Coil corrosion by erosion: Don’t let it wear you down

September 18, 2000
Coil corrosion can seem to be one of life’s great mysteries. Combinations of metals in coil construction, along with wide variations in operating environments, can make the mechanisms of corrosion complex, to say the least.

When movement of a corrodent over a metal surface (i.e., through coil tubes) increases the rate of attack due to mechanical wear and corrosion, the attack is called “erosion corrosion,” and is considered a localized form of corrosion.

Water coils

Failure of water coils due to erosion of tube surfaces can many times be avoided with proper design. Conditions that cause erosion corrosion in coils typically involve fluids moving at high velocity, solids in suspension, marked turbulence, and impingement.

Erosion corrosion occurs most frequently in water coils near the inlet end of tubes or headers, along the first 2 to 6 in. of the inner surface. It may occur, however, along the whole length of the tube surface. It results in clusters of deep pits which are usually undercut on the downstream side and, in many cases, take on a horseshoe shape.

To avoid erosion corrosion, the following steps should be taken:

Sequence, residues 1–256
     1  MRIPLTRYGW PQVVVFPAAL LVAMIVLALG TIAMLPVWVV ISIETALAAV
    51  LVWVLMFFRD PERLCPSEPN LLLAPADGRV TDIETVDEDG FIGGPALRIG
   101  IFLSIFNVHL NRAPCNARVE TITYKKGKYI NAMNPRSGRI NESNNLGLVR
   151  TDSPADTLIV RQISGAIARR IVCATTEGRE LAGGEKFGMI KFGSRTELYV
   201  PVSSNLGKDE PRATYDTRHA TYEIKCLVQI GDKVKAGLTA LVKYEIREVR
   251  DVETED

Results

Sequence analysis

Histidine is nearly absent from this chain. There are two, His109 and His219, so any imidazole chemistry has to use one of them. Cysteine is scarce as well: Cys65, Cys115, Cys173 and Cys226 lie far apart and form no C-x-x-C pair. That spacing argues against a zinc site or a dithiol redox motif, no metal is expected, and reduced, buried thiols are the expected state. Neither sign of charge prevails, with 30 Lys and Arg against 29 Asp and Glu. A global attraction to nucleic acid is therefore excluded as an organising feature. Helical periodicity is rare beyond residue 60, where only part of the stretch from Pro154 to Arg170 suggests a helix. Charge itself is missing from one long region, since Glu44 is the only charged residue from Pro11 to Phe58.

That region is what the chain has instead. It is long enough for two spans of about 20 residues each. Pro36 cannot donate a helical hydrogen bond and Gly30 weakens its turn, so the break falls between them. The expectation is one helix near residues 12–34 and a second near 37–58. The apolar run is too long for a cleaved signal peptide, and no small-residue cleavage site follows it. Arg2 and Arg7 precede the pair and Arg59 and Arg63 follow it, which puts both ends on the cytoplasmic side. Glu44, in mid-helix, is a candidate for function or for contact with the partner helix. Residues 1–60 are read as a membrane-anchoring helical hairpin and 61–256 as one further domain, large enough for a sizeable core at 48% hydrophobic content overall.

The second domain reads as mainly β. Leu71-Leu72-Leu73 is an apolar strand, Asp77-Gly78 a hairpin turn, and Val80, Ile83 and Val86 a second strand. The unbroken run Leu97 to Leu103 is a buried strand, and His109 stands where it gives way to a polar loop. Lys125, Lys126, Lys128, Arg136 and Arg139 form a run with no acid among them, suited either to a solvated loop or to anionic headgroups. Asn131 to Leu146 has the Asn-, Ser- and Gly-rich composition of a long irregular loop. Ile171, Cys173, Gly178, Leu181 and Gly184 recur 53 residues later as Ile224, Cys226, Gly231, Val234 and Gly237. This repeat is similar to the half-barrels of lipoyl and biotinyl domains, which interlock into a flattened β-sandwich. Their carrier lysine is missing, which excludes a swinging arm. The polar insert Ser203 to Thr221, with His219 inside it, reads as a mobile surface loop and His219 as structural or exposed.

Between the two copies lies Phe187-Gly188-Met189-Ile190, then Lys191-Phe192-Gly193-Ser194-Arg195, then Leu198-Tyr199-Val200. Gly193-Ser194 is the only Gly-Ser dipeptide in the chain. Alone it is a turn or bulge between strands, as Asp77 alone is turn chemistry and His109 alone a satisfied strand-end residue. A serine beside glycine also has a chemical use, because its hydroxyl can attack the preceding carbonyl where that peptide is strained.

1. Make the proper choice of tube materials. Coils can be made from a variety of tube materials, including copper, cupro-nickel, steel, stainless steel, and aluminum. Limits for the velocity of fresh water flowing in tubes and headers made of these different materials are shown in Table 1.

Note that certain materials (copper, steel, and aluminum) can experience severe pitting when exposed to brackish-sea water and are not recommended. Velocity limits for cupro-nickel and stainless steel with brackish-sea water are the same as for fresh water.

2. Limit fluid velocities. The velocity of the fluid flowing through coil connections and tubes is limited by proper selection of connection and header sizes, and by choosing a minimum number of feeds in the coil circuiting. Table 2 shows maximum allowable water flow rates (in gpm) for various connection and header sizes, along with various materials.